Marijuana has been my relaxation drug of choice since I was a teenager. And now, as an adult, I appreciate it even more because it’s a substance that helps me to relax without causing a hangover or the other ill effects I typically feel from alcohol.
The only problem is that it is illegal to purchase and use in the state of Pennsylvania. With a bill to legalize recreational marijuana just introduced in the state yesterday, there is a chance we could eventually have some of the most progressive legislation in the country. However, with the Republican-held congress still turning their noses at this, I’m not holding my breath – I need another way to keep inhaling.
With a myriad of chronic illnesses, I knew I was a candidate for obtaining a medical marijuana card. Especially when anxiety was added to the docket. And after reading all the horror stories about the dangers of vape pens, I didn’t want to take any more chances with what kind of shady chemicals could be added to the stuff I smoke. I mean, I don’t necessarily trust the FDA, but I trust them more than your cousin’s back alley dealer.
So here’s what I learned about getting medical marijuana in Pennsylvania.
Most “regular” doctors can’t certify you for a marijuana card. You probably need to go to a special “marijuana doctor” – which you can find on Google or Yelp. These places will essentially certify anyone who can prove they have one of the qualifying conditions. Since anxiety is a qualifying condition and it is, in fact, 2019, you almost certainly have this.
Simply bring evidence of your diagnoses from any of your regular doctors, which can come in the form of your medical records or any other valid physician note, and you will probably have no problem being approved. I will not endorse the place I went because I later learned that it is owned by a Trump-supporting “incel” who lost his practicing license.
However, if this facility is any indicator, anyone can walk in, pay $200, and be certified within minutes. You will be directed to the Department of Health web site where you pay $50 for your card, which you should receive within a week.
You will need to get re-certified by one of these doctors every year as well as pay for the card renewal, so expect to pay another $150 annually.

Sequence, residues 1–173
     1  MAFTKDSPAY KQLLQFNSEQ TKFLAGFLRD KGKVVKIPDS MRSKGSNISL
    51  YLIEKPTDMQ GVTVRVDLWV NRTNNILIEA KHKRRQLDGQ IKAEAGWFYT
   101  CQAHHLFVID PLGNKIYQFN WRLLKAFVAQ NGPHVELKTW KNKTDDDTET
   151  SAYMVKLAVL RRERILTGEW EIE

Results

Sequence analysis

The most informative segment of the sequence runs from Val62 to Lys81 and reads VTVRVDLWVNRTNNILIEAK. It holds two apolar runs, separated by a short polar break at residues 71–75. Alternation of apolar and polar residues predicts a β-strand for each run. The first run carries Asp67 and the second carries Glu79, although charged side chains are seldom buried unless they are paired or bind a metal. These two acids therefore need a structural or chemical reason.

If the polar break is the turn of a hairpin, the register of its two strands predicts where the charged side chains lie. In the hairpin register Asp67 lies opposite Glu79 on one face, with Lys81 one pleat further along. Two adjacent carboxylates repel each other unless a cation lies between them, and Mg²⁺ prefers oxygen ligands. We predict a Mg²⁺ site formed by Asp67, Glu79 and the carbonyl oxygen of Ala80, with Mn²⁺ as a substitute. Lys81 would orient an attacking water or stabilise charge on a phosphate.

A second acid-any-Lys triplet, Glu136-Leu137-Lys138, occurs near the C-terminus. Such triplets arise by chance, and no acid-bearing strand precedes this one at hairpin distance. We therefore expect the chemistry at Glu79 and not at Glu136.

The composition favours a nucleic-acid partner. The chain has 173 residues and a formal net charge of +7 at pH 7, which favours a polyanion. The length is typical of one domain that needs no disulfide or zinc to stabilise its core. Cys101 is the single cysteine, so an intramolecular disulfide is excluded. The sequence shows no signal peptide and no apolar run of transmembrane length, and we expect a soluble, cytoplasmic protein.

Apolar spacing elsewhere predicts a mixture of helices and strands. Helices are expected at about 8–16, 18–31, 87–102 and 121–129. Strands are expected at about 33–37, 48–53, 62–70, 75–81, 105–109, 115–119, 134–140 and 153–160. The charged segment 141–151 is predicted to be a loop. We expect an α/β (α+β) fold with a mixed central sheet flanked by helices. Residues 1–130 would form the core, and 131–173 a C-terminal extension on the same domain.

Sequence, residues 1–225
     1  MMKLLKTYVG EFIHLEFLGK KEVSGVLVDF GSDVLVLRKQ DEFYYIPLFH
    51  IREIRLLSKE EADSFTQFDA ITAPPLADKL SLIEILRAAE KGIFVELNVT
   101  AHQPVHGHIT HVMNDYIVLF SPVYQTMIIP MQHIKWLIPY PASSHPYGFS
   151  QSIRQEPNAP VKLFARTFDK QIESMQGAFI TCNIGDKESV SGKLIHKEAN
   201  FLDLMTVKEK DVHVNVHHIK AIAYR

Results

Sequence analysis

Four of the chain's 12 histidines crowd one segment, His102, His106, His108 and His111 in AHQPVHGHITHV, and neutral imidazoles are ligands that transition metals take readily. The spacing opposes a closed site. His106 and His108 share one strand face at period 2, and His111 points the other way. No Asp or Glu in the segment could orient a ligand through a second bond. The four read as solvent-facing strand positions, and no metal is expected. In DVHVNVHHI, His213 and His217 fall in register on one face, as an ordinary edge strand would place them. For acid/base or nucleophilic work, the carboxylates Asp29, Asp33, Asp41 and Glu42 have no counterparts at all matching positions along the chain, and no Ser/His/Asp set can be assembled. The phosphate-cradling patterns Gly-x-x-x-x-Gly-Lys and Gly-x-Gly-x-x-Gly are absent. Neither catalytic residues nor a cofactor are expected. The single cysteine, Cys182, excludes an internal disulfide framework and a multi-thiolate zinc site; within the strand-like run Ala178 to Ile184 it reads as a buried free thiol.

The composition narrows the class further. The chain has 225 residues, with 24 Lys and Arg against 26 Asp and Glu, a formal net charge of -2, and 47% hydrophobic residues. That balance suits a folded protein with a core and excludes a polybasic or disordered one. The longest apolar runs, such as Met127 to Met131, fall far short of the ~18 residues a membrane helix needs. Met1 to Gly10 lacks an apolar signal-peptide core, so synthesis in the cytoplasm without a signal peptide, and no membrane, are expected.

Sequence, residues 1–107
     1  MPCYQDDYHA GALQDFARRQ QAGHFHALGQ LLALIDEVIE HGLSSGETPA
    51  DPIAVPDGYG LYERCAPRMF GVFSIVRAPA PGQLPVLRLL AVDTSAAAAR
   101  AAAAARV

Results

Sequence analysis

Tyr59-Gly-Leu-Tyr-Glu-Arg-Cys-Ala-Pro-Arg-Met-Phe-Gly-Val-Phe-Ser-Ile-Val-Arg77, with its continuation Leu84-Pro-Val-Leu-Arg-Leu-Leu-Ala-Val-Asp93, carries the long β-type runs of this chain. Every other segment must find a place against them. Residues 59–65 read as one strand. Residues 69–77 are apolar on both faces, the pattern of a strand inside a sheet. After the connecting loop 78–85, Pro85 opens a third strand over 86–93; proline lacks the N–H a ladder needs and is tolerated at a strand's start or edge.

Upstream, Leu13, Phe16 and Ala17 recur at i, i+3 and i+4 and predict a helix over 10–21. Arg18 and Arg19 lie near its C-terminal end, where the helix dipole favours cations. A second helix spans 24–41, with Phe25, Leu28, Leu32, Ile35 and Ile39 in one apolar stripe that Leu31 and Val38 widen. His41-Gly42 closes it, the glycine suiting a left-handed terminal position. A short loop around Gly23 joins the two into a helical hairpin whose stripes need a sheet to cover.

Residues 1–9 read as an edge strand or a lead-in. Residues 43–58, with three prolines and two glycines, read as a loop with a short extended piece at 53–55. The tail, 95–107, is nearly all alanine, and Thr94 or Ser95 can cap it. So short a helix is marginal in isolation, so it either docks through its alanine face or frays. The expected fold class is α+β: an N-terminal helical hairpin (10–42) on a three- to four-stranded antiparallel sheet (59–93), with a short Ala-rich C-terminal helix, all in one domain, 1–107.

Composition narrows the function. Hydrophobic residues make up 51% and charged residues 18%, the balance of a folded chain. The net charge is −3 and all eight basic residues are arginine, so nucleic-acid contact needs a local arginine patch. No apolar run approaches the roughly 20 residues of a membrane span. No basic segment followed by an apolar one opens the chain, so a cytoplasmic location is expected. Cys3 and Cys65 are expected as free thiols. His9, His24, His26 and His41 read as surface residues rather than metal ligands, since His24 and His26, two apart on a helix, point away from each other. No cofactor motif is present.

It is an expensive habit. And here’s where the whole socio-economic privilege thing becomes really problematic.
Just because you are qualified to smoke legally does not mean you can afford it. So, in the meantime, people without means and resources will continue to be penalized and prosecuted for smoking the same plants that I can smoke perfectly legally just because I can scrounge up an extra $200 a year. So this continues to be a massive problem and I will share more information on how we can try to fight this at the bottom of this post.
Once you have your card, you can go to any licensed medical marijuana dispensary where they have pharmacists on staff to help you choose the strains and forms which may work best for you. I learned that edibles are not legal in Pennsylvania, so if you prefer to get your dose without smoking you can use a tincture or use the other liquid forms available to make your own edibles.
I went to Beyond/Hello in Philadelphia where everyone was super helpful and cool. And also where the name was definitely thought up by somebody very, very stoned.
I had so many questions about the various application methods, strains, terpenes (?), and more, but even with my general lack of knowledge beyond anything but “buying an 8th of my brother’s friend,” it was a pretty simple process. And the prices seemed pretty much in line with what I was used to paying for pretty good “street” stuff.
A few things to keep in mind before you go:
So now that you can smoke legally, let’s try to make it so that everyone else can too!
The most important thing you can do is reach out to your elected officials, especially if you live in a district where your representatives do not support recreational marijuana (hint: Republican reps). Find your legislators here.
Here are some petitions to legalize recreational marijuana in Pennsylvania: